I was raised Up South in the 1960s, and I heard grown folk talk about “country” as one of the worst things you could be:
Why you gotta act so country?
Girl, that is some sho ‘nuff Geechee backwoods mess.
Look at her country ass, thinking she cute in that mammy-made dress!
So it is with great ambivalence that I watch black people now embracing rural and agricultural experience. Young horticulturists, middle-aged backyard gardeners, even the student interns in my office tell me how much they love southern farm land. They confide to me their wishes to return to it, to sink their hands into it. They whisper dreams of a rural existence populated with wise ancestors and recovered history. They long for the more “authentic” values they think it will bring.
I want to suck my teeth and say I am having none of it. My people worked hard to leave country behind, shedding swept dirt yards and accents thick as Alaga syrup. Me, I honor their struggle.
This cynical voice is my own learned contempt for the places my grandparents escaped. They fled southern country, and made sure their passage was marked “Door of No Return” for my parents. Their memory of country was of dirt poor, dirt floor, worm-infected children and the low down dirty truth of Jim Crow. To them, country meant making do and never having enough. Country meant it didn’t matter that you lived on a washed out dirt track road, because nobody was ever going to come. Country, where the Good Book was the only book most folk would ever own, King James’ Version memorized verse by verse on Sundays and recited on every possible occasion if it had been read. Country meant finally arriving in the city in your best suit and Sunday manners only to be laughed at as fifteen years out of date and shamefully shiny, with Vaselined legs and hair plastered in place with Dixie Peach. Where I grew up, to call somebody country signified the speaker’s grateful escape from brutal and hungry and hard, everything limited, unworldly, and necessarily made by hand.
To be sure, there is some part of me that is grateful for the restoration of Southern country memory: naming the eye of Guinée stitched by hand into Gee’s Bend quilts, and the bodies of Senegambia shouting Knee Bone Bend in a ring in the Georgia swamps. I am thankful for the small joys country has preserved in my lineage: cousins with ancestral names like Gizzy and Mariah; these two hands that can still put up my great-grandmother’s chowchow relish; the memory of my mama laughing, teaching these same flying hands and skinny-girl legs how to pat juba — hammin’ in the hambone, hammin’ in the shoulder, Misty take a pretty gal and show you how to hold her...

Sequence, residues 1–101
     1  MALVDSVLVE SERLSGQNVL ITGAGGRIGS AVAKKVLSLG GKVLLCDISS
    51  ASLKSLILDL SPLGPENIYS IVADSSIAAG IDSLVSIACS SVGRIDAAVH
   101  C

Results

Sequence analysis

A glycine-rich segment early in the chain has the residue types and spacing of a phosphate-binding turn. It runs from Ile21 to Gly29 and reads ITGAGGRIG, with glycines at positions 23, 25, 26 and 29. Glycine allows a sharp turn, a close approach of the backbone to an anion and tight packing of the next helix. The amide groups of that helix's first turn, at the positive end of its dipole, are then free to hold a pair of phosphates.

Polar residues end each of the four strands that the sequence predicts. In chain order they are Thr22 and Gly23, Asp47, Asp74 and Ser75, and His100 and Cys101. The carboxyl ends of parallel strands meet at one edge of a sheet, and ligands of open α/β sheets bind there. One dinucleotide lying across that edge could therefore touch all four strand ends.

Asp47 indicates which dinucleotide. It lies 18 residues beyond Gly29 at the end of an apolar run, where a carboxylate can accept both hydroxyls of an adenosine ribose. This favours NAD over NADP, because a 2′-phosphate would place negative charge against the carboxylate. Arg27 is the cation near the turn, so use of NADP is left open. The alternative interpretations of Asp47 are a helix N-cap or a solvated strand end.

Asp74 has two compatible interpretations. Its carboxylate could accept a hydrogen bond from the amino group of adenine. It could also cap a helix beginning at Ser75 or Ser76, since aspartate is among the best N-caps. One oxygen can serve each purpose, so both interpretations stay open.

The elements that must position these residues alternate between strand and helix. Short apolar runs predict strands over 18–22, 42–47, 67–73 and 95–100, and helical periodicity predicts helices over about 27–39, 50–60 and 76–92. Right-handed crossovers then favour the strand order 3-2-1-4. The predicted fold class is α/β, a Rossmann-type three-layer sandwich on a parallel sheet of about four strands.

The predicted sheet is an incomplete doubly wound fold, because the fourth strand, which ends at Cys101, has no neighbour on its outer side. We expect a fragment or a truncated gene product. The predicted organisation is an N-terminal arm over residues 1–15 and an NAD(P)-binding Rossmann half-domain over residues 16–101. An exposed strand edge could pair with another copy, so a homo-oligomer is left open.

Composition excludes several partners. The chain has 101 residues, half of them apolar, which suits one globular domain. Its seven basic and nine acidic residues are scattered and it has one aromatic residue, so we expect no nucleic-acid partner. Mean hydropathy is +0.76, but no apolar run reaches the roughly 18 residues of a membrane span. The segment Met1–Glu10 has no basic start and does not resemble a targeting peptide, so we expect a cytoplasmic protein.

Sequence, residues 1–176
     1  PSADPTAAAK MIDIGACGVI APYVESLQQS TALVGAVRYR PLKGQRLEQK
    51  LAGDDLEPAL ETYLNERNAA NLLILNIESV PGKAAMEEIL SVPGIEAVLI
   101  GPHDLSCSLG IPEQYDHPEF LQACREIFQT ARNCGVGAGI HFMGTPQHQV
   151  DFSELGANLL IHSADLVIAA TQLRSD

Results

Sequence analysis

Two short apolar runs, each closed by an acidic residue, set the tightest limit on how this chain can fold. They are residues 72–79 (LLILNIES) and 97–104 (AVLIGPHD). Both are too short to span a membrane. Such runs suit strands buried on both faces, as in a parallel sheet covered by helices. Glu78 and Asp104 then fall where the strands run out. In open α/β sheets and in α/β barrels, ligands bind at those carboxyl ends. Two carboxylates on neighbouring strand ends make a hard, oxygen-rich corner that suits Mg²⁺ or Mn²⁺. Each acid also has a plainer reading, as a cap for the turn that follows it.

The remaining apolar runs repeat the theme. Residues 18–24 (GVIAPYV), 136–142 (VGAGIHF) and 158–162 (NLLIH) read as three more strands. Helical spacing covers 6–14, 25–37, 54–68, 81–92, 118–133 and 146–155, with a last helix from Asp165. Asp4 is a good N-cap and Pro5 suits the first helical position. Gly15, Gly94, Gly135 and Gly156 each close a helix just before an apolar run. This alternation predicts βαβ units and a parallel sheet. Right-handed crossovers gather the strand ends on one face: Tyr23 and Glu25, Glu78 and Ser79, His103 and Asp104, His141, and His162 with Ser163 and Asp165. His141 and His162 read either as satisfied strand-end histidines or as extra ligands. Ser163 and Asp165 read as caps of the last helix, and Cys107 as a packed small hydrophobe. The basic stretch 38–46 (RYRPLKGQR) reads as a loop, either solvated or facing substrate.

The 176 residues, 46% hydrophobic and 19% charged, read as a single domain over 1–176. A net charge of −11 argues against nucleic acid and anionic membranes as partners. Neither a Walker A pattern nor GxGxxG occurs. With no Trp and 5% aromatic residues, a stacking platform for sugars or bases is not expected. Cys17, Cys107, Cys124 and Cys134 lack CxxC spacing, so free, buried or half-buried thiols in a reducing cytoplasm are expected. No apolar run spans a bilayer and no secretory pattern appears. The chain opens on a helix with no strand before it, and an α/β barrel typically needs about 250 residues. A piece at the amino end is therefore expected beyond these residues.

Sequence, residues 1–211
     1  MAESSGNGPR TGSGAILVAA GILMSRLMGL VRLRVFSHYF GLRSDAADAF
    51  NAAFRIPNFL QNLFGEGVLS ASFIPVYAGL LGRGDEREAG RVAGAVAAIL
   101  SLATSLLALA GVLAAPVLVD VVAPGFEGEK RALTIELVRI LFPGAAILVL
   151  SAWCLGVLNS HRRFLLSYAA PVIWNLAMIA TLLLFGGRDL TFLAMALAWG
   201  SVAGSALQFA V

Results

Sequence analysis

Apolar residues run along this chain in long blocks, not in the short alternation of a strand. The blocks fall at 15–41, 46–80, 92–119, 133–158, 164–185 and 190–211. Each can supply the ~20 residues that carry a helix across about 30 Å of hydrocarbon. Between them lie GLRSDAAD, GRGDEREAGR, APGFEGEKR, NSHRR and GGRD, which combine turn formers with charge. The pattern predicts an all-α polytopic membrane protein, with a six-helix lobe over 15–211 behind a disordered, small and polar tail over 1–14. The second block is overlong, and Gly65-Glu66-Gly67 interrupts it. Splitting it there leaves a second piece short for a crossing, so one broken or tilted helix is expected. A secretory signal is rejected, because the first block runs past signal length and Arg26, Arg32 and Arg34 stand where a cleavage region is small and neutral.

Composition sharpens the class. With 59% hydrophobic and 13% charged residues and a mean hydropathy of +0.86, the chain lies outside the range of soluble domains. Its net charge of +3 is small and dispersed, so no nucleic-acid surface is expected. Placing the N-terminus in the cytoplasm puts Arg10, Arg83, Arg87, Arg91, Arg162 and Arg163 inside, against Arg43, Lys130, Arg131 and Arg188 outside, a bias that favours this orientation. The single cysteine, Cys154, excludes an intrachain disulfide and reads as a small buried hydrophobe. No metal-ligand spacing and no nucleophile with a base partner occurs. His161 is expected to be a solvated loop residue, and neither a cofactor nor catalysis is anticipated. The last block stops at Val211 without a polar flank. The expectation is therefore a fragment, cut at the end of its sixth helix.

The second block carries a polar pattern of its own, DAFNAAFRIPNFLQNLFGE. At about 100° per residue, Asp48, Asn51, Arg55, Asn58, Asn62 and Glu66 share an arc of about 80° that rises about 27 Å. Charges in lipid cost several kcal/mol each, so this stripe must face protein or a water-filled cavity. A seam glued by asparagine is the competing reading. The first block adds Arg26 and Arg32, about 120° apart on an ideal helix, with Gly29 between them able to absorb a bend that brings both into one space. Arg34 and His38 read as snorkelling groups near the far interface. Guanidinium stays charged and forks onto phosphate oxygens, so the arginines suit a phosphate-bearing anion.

But I never forget that I am descended from narrow escapes and lonesome places of defeat, places with names like Warrior Creek Stand and Lookout Mountain. I come from country bodies marked with burns from falling woodstove pipes, half-blind from sewing in the light of coal oil lamps. I take after my grandmother Gussie, who had a compact OED on the lectern in her parlor in the space where most Kentucky-born folk would have had a Bible. I think of her when I listen to friends who want country to mean embodied virtue, like milk straight from the cow. I say a prayer for the ghosts of dead waterhead babies every time I pour myself a glass of pasteurized milk. Listeriosis, my grandmother’s dictionary replies.
I am descended from people who made narrow escapes. I once asked an elder in Wilcox County, Alabama, what it took for a man to get out of a small town in the Black Belt back in 1920, the way my grandfather did.
She smoothed her last hairs up toward the pinned-on bun that trembled on the crown of her palsied head.
Well, child, time were hard back then. They didn’t have all kinds of things like we do today. You’d have put on your good suit, cuz you was going to take the train when you got there. But your shoes, you would take your shoe and tie a knot in them. Tie a knot in the laces, so you could wear ‘em round your neck, you wouldn’t want to mess up your good shoes walking.And you would walk up toward the train and maybe somebody would be going your way. There might be somebody come along with a cart and mule going that way.
Pecans rained down on the corrugated roof where we sat. It was fourteen miles from the town where my grandfather was born to the nearest whistlestop for the north-bound train.
We didn’t have no trucks and tractors and things like that back then. But maybe somebody going that way would see you and maybe give you a ride.
When I go digging in my history for a relationship to rural land, I turn up this spade-full of inconvenient memories. Country life has surely changed for black folks in the fifty years since I was born; still, I am grateful for the freedom to read and to write and to tell you this story. I am narrowly escaped from growing up country, I have no longings for a black pastoral romance. And I do not apologize.
Mistinguette Smith is a poet, playwright and director of The Black/Land Project, a national organization that uses narratives to understand the nature of race, land and place.
“Group of Florida Migrants.” Photo by Jack Delano, provided by Library of Congress.